Once lockdowns are phased out and normality begins to return, over the first 6 to 12 months, infrastructure investment can be structured to play an important role. Learning from the GFC, this spending must be incremental to existing capital plans and cannot replace or crowd out existing commitments. Just as importantly, “shovel-ready” is often an incomplete perspective. Rather, to get things moving quickly, government should adopt a view that “small is beautiful.
Smaller projects relating to maintenance backlogs, minor repairs, and asset improvements or enhancements should be the focus. Almost every department head in every government around the world has a list of capital items that they never quite get to in the annual budgeting process because, in any given year, they are easy to defer. These projects typically also have the benefit of attracting small and medium-sized contractors, which tend to be locally based. With benchmarks in hand, many of these projects can also awarded on an accelerated basis, given that governments tend to have reasonable understanding of what the cost should be. Taken together, this can promote agile investment delivery and local economic stimulus.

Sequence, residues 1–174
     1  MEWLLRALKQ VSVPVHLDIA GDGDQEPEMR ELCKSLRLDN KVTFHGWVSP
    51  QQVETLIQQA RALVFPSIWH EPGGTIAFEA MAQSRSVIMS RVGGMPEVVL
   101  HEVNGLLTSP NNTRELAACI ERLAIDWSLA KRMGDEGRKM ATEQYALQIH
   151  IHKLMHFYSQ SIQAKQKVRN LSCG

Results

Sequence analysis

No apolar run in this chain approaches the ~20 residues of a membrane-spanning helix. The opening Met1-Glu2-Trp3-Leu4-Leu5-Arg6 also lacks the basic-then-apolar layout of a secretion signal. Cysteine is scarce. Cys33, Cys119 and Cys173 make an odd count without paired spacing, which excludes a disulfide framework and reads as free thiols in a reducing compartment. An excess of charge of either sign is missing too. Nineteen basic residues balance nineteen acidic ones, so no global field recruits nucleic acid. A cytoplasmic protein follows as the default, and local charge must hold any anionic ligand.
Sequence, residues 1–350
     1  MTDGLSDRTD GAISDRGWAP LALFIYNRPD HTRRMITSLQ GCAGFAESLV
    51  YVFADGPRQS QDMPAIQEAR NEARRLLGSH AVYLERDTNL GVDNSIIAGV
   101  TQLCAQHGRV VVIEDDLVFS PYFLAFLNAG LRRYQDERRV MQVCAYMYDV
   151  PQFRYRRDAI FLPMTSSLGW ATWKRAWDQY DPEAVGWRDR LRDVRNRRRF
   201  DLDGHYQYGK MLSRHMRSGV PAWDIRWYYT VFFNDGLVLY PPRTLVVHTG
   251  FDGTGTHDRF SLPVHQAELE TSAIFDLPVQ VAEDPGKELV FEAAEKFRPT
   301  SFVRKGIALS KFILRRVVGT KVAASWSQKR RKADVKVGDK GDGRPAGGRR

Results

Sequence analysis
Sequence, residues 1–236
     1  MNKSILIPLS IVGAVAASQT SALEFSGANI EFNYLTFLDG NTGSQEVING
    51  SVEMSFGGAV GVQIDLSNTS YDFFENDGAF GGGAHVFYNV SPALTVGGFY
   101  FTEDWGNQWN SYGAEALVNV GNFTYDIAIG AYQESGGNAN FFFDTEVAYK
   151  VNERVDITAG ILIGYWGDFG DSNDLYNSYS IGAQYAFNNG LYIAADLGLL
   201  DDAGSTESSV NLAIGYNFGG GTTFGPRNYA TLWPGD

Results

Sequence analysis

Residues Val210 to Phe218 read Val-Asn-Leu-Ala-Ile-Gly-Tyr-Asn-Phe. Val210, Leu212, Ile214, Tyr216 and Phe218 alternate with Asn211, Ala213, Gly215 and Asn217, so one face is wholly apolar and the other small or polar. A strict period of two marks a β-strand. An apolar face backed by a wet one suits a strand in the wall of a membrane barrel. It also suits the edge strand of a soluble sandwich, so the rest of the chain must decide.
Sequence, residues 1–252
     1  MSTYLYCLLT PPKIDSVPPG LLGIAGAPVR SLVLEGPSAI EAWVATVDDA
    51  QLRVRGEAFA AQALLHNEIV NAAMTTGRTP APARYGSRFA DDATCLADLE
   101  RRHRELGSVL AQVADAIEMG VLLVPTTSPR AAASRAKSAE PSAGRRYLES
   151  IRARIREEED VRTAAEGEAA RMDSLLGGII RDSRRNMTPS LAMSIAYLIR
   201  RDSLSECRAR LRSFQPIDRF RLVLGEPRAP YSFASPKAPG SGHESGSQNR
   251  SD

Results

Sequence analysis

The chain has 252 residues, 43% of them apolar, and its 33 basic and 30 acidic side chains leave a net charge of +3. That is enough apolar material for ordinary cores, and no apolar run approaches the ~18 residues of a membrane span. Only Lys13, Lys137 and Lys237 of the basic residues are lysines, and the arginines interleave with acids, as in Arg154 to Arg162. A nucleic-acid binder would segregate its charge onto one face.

Using an example from Australia, EY analysis demonstrates the positive impact that spending on infrastructure has on overall employment, with every direct job in the sector creating two or more across the economy. Maintenance, in particular, is a key driver of employment activity with each direct job creating up to 3.5 more across the economy. This form of investment is labour-intensive, involves ready-made works programs where crews can mobilise quickly, and supports the most critical infrastructure networks. The retrofitting programme set out in the Climate Action Plan, is another example of smaller scale projects which could be accelerated quickly. Further, this spending can enable stimulus to be targeted at specific regional areas that are most in need of help. Getting these projects started in the first few weeks following the lifting of economic restrictions will quickly stimulate much-needed economic activity. Importantly, these maintenance programs need to be planned out as a priority, so that they can be delivered when economies spring back to life – with most of the population staying inside, some of this could even start today.